This outstanding woman was my guest on Monday’s podcast, and I liked her immediately. She delivered great energy, a great story, and even greater advice.

Jeannette had been working on a previous gig that had been successful but eventually left her feeling burned out. As a result, she took some time off, slowly pulling back from work pressures and the demands of social media. This led to a full-on break, involving a long road trip with her husband and beloved pets. It’s while on the road that “a shift happened,” which, after she returned, continued. She got a rare, if not singular, opportunity to spend several weeks alone with family taken care of elsewhere, and soon after, she and her husband downsized from a four-story house to a home with just four rooms.

What did she have to show for all of these radical changes? Epiphanies, that’s what, and we’re all better off for her having had them.

“It’s almost like all the pieces of my career, all the different things that I had done and people that I’d worked with, all of them kind of rose up in the air and rearranged themselves, and when they settled again, I had a completely different picture of what makes a vibrant, healthy lifestyle for women today.”

The result was the birth of MeBoot, her interconnected program that’s making a world of difference to her subscribers. She attributes this brainchild to her sequence of events, but she admits that the act of clearing out, both her space and her mind, led to one of the five essential pillars that make up her trainings.

“Before you can even begin to make changes in what you eat and your daily rhythms, you have to make space for something new to come in. It’s like a spiritual law of physics.”

But how does all of this relate to healthy eating?

“Changes occur in our forties and over on the plate but off the plate, as well. All of the other parts of ourselves and our lives are intermingled deeply, profoundly, with the way that we eat.”

Jeannette reminded me that 95% of weight loss attempts are failures, and there are fundamental flaws in the ways we operate. It’s all about that interconnected approach.

And the holidays? A time when people, including myself, traditionally gain poundage?

She talked about decision fatigue or our willpower batteries getting low.

“I think we’re on decision burn out all the time, and in the holidays it gets cranked up. If we have to make a decision every single time we’re faced with a holiday treat challenge, we’re literally going to wear out that battery by nine o’clock in the morning.”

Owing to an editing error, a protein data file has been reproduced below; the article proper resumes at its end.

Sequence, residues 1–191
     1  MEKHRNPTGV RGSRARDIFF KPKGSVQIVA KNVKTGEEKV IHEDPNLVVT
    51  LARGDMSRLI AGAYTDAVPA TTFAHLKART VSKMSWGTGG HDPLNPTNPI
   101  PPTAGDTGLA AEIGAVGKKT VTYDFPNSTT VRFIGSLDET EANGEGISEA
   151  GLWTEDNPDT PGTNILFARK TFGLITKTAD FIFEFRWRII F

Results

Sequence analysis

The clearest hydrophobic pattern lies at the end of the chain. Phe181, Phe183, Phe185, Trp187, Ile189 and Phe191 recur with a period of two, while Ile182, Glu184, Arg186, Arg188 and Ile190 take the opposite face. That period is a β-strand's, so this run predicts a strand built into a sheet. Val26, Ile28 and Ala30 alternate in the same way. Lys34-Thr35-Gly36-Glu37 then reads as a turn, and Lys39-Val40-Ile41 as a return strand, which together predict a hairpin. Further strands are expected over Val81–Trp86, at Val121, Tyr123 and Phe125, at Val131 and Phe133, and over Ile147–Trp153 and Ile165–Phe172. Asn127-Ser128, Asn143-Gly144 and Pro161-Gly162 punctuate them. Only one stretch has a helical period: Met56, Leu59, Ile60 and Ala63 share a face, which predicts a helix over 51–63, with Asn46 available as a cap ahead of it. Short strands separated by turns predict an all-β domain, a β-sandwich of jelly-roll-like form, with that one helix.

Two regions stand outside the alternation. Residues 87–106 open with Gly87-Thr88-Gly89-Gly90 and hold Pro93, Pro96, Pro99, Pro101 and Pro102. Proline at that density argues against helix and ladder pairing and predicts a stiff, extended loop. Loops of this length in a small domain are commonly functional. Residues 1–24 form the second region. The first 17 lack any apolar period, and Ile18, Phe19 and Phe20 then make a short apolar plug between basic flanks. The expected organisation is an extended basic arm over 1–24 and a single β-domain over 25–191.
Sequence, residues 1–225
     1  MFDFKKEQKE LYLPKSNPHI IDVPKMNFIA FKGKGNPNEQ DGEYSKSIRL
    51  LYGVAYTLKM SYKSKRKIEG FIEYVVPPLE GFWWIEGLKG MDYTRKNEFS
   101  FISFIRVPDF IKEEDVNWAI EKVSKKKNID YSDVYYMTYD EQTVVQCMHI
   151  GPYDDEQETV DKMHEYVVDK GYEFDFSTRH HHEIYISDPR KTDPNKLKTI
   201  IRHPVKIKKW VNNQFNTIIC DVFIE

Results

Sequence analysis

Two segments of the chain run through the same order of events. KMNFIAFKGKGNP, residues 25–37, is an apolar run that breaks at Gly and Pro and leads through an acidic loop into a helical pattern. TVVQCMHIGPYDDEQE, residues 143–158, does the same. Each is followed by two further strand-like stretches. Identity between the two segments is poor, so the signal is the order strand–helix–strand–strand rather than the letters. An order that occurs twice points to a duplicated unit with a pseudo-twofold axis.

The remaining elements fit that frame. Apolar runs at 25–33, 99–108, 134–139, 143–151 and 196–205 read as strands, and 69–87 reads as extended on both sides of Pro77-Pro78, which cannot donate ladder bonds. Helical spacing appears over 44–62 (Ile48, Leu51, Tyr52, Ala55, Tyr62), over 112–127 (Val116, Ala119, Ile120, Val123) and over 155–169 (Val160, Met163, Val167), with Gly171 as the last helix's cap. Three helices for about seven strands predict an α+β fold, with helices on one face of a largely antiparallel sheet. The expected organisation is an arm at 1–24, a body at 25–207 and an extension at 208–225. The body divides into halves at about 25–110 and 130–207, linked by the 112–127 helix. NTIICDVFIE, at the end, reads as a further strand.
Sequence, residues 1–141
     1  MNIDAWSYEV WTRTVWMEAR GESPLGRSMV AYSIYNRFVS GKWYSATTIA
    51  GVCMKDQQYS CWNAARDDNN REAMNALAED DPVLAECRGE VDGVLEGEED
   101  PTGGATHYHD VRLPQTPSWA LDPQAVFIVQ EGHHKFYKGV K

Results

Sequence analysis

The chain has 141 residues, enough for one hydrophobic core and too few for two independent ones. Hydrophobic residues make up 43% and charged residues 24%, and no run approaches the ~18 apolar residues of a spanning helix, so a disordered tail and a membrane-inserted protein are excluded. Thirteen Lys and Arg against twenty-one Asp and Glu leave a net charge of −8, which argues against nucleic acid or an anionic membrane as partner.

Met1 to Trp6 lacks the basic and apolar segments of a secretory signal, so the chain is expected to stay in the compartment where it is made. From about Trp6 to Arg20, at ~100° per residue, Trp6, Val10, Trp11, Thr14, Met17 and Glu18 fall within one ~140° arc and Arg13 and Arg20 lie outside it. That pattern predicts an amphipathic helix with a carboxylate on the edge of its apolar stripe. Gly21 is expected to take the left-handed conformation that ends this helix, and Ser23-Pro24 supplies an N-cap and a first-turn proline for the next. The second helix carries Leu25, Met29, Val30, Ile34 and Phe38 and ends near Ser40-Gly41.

And we all know that that lasts over a long period of days, not just Christmas morning.

My biggest takeaway from Jeannette was that we need to set behaviors and decisions in advance so that we’re prepared. An example of a decision could be, I’ll have one drink or one dessert, or I’m going to have one dessert in the next four days. But the trick is to make it non-negotiable. And the best part is this:

“Every single time you stick to it, you strengthen that track in your brain of being in a certain kind of mastery around your choices.”

In other words, craft your formula, and if stick to it, you’ll strengthen your choice muscle and reach mastery. BAM!

And one of the best pieces of advice that applies not just to the holidays but to literally everything in life: “Stay present.”

I couldn’t agree more, and although we’ve now made it through Thanksgiving, her advice will get us through Christmas, as well. Only Santa really needs those cookies.

Check out Jeannette’s interview –> HERE <--.

You can also listen on iHeart Radio, Apple Podcasts, Google Podcasts, Stitcher, Spotify, or wherever your favorite podcasts are heard.

Thanks, Jeannette!

Learn More/Follow:
A special message from Jeanette

Thanks Giving

A day draws near for gratitude
One for giving thanks,
Though prep and planning in advance
Can fill a soul with angst

With travel near and travel far
As families reunite,
The bustle of the season
Can frustrate or delight

But in the midst of mayhem
A moment does await,
A pause, a rest, so fleeting
To blink may change its fate

When all have finally gathered
And worries fall away,
As voices mix with laughter
And stop only to pray

This is when it matters
This is when our hearts,
Should fill to overflowing
Before another parts

For those that are and those that were
And moments that we’ve shared,
Are truly all that matters
Truly something rare

~ Leana Delle
Sunday, November 24, 2019
2019 Sunday Poetry Challenge – Number forty-six of fifty-two
Photo Credit: Debby Hudson

Karen Sugar – The Girlfriend Takeaway

“I learned a long time ago that we’re all connected by many of the same experiences walking the planet, because we’re women.”

Karen Sugar always felt compelled to make a difference. She’d worked with women and poverty issues for years, but after learning about micro-finance in grad school, she felt sure she could expand her reach. She describes micro-finance as “providing very small loans to people that don’t have access to traditional banking and loan intervention.”

But where could this approach have the most impact? When she heard about a post conflict region in Uganda, the decision finalized and the Women’s Global Empowerment Fund (WGEF) was born.

Africa just wasn’t getting the attention that other locations were, and they’d been through hell. The Lord’s Resistance Army (LRA) had just ended its long reign of terror in the region, which included the abduction of children to be used as soldiers and sex slaves. That conflict ended in 2007, and the region is now in full recovery.

The changes since have been exponential, and the word “empowerment” is in the organization’s title for a reason. Empowerment is being delivered and sustained! WGEF to date has given out over 17,000 loans to women borrowing groups without a single default, and 572 women are now serving in leadership positions. They’re owners of restaurants, hotels, beauty shops, farms, you name it, and their daughters are following suit.